Most of you will understand this immediately, but it honestly took me years to figure it out. Riding my bike home from work one afternoon some years back, I slowed approaching a downtown stoplight, and seeing no cross traffic, carried on through the intersection. When traffic caught back up to me, I was taken completely off guard by the earful I got from a driver in the adjacent lane.
It didn't make any sense! I hadn't cut her off or given her a dirty look. I wasn't wearing a shirt with a self-righteous message. It seemed pretty clear that I hadn't inconvenienced her in any way—so why the abuse? I needed several years and a few thousand trips by foot, bike, and car to make sense of that incident. There I was, asserting my bicycle's status as a vehicle by riding on the road. I was relying on the operators of other vehicles to respect my rights on the road, but I was unwilling to be inconvenienced when it was my turn to yield. It wasn't any inconvenience that driver was objecting to, it was my hypocrisy.
Here's a fact: cyclists feel good about our choice to ride for transportation. We have a tendency to devour any study or article affirming cycling as healthy, brave, and important. We can quote you statistics about foreign oil and air pollution and life expectancy. All of which is entirely reasonable, but a danger arises when we conclude that our reduced impact on pollution and congestion, and the minimal threat we pose to others, somehow means our only responsibility in riding is to protect ourselves. It's as if we relish imagining ourselves the dogs trotting among the hooves of the warhorses. That's not only unambitious, it's inaccurate. The fact is that cyclists have an outsized impact on the drivers around us. We won't improve bicycle safety or relations between cyclists and drivers without acknowledging that impact.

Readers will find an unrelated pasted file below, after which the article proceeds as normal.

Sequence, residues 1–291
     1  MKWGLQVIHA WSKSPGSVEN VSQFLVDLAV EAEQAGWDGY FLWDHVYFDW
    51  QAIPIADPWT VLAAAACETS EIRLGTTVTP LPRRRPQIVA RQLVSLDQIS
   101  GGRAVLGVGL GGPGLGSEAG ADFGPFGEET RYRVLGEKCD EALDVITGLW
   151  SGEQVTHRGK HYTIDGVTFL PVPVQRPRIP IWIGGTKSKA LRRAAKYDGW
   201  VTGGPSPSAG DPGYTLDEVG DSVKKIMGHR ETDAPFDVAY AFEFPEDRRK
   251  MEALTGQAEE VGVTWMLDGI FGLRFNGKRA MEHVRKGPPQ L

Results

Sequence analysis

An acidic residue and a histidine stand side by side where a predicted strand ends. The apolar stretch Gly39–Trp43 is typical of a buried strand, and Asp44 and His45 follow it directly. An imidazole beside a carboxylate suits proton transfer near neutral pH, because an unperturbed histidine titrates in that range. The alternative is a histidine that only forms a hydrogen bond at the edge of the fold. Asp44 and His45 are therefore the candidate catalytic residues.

You might expect cyclists, often enough marginalized on the roadways, to treat pedestrians with the utmost of deference—the way we wish drivers would treat us. But to hear some pedestrians tell it, our track record perpetuating the cycle of disrespect is dismal. Cars, at least, don't chase them onto the sidewalks and greenways. Cars, at least, don't sneak up behind them. Cyclists have been slow to embrace pedestrian rights as first among transportation rights; that is a major failing.
It gets messy sometimes, when we start thinking in groups and resenting the others. One way of counteracting that tendency is mixing up the way we get around. It's hard to delay a line of cars while biking, knowing that this weekend I'll be one of those delayed drivers. I'm less likely to step off the curb mid-block in front of a cyclist knowing firsthand how frustrating it is when a pedestrian disregards me like that. And my tendency to mindlessly blow past a pedestrian at a crosswalk has dropped off considerably since I've started walking to the grocery store a couple times a week.
I recall another interaction I had with a driver, and this one completes the lesson of the story I opened with. I understood its significance immediately. I was picking up a few things at the grocery once when a man stopped me. "Was that you out there on the bike?" I told him yep, that was me. "I can't believe you used hand signals! That was so great! Man, I wish all bikers would do that." I'm convinced that interaction, like the one after I ran the red light, had little to do with any inconvenience or service given to the driver. In both cases, what made an impact was the root attitude I was revealing.
If we are serious about extracting ourselves from this slough of auto dependence, we'll need more than technology and planning and infrastructure. Every one of us who sets foot out our front door will need to be aware that our travel impacts other people. And for that awareness to mean anything to us, we'll need something more basic still: we'll need respect.